Given the situation, some producers begin to look for alternatives. Asensio admits that some of the partners have moved production to countries like Turkey or Morocco. Inditex works with 1,800 suppliers in China, but manufactures 60% of its stores in close proximity (Spain, Portugal, Turkey, Morocco or Tunisia). What comes from Asia, above all, is a basic garment, which is ordered in large quantities well in advance, but has a waist to divert orders to the other production clusters that supply it, so it monitors the situation closely. Mango, which works with 327 Chinese factories, or Tendam (the former Cortefiel), which produces 30% there and admits that its “supply would be impacted towards the beginning of summer” if the crisis persists, they handle two options: “send merchandise by air transport to recover some potential delay ”, with the disadvantage that the transport becomes very expensive; or “derive part of manufacturing” to other places.

Police officers patrol at the Beijing airport.


Police officers patrol at the Beijing airport. REUTERS

José Serna, president of the Spanish Intertextile Council, the employer who brings together the spinning, weaving and finishing industry, points out that some producers are receiving orders “that they didn’t have before”. And it expresses the desire that the crisis will help companies turn towards a multilocalized production model that favors industry in Spain. “It begins to give a replacement of production, although there is still idle productive capacity in Spain,” he says.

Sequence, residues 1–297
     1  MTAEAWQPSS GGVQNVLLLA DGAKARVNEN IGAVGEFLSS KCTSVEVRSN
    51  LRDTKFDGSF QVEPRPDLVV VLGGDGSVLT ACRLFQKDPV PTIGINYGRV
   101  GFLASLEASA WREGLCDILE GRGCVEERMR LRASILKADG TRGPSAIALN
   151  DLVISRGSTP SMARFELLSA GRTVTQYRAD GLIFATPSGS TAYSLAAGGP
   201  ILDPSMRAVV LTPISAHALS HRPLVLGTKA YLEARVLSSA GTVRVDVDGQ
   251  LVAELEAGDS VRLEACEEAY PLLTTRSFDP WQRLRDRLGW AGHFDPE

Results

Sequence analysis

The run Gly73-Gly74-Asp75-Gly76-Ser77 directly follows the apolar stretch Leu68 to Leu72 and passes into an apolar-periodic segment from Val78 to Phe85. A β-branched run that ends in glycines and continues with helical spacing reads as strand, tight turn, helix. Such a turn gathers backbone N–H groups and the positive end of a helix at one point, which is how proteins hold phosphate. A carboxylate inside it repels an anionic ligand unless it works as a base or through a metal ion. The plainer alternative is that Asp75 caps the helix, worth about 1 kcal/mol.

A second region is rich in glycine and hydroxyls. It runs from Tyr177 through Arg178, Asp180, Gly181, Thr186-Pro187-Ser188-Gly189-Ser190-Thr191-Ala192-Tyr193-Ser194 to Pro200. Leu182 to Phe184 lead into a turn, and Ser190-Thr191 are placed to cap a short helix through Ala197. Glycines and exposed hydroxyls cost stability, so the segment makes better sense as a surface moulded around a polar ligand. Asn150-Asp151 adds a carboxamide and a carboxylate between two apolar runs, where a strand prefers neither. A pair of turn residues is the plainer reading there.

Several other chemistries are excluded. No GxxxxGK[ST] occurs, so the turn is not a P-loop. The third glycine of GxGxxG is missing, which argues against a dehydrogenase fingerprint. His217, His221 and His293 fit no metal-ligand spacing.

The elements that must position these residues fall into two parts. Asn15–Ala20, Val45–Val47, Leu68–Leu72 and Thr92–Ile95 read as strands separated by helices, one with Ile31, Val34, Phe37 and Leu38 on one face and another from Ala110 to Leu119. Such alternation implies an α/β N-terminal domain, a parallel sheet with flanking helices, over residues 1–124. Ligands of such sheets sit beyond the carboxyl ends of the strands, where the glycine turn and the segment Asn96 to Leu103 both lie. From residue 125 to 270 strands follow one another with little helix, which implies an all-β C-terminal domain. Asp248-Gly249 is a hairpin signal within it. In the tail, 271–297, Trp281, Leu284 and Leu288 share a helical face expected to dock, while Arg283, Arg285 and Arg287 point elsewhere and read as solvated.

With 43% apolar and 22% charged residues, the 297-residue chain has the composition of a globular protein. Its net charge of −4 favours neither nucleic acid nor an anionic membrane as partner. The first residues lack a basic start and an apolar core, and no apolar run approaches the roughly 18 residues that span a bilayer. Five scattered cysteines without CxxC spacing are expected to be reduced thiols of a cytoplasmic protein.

The manufacturing stop also fully reaches the automobile sector Spanish, since the province of Hubei, epicenter of the epidemic, is a center specialized in this industry. Gestamp, with 11 factories (one of them in Wuhan, closed), and Grupo Antolin, with 25, have suffered. Both ensure that their factories are already returning, little by little, to normal. Gestamp admits that “the supply chain does not work even at the usual rate, since there are customers and suppliers that are not 100% of the production.”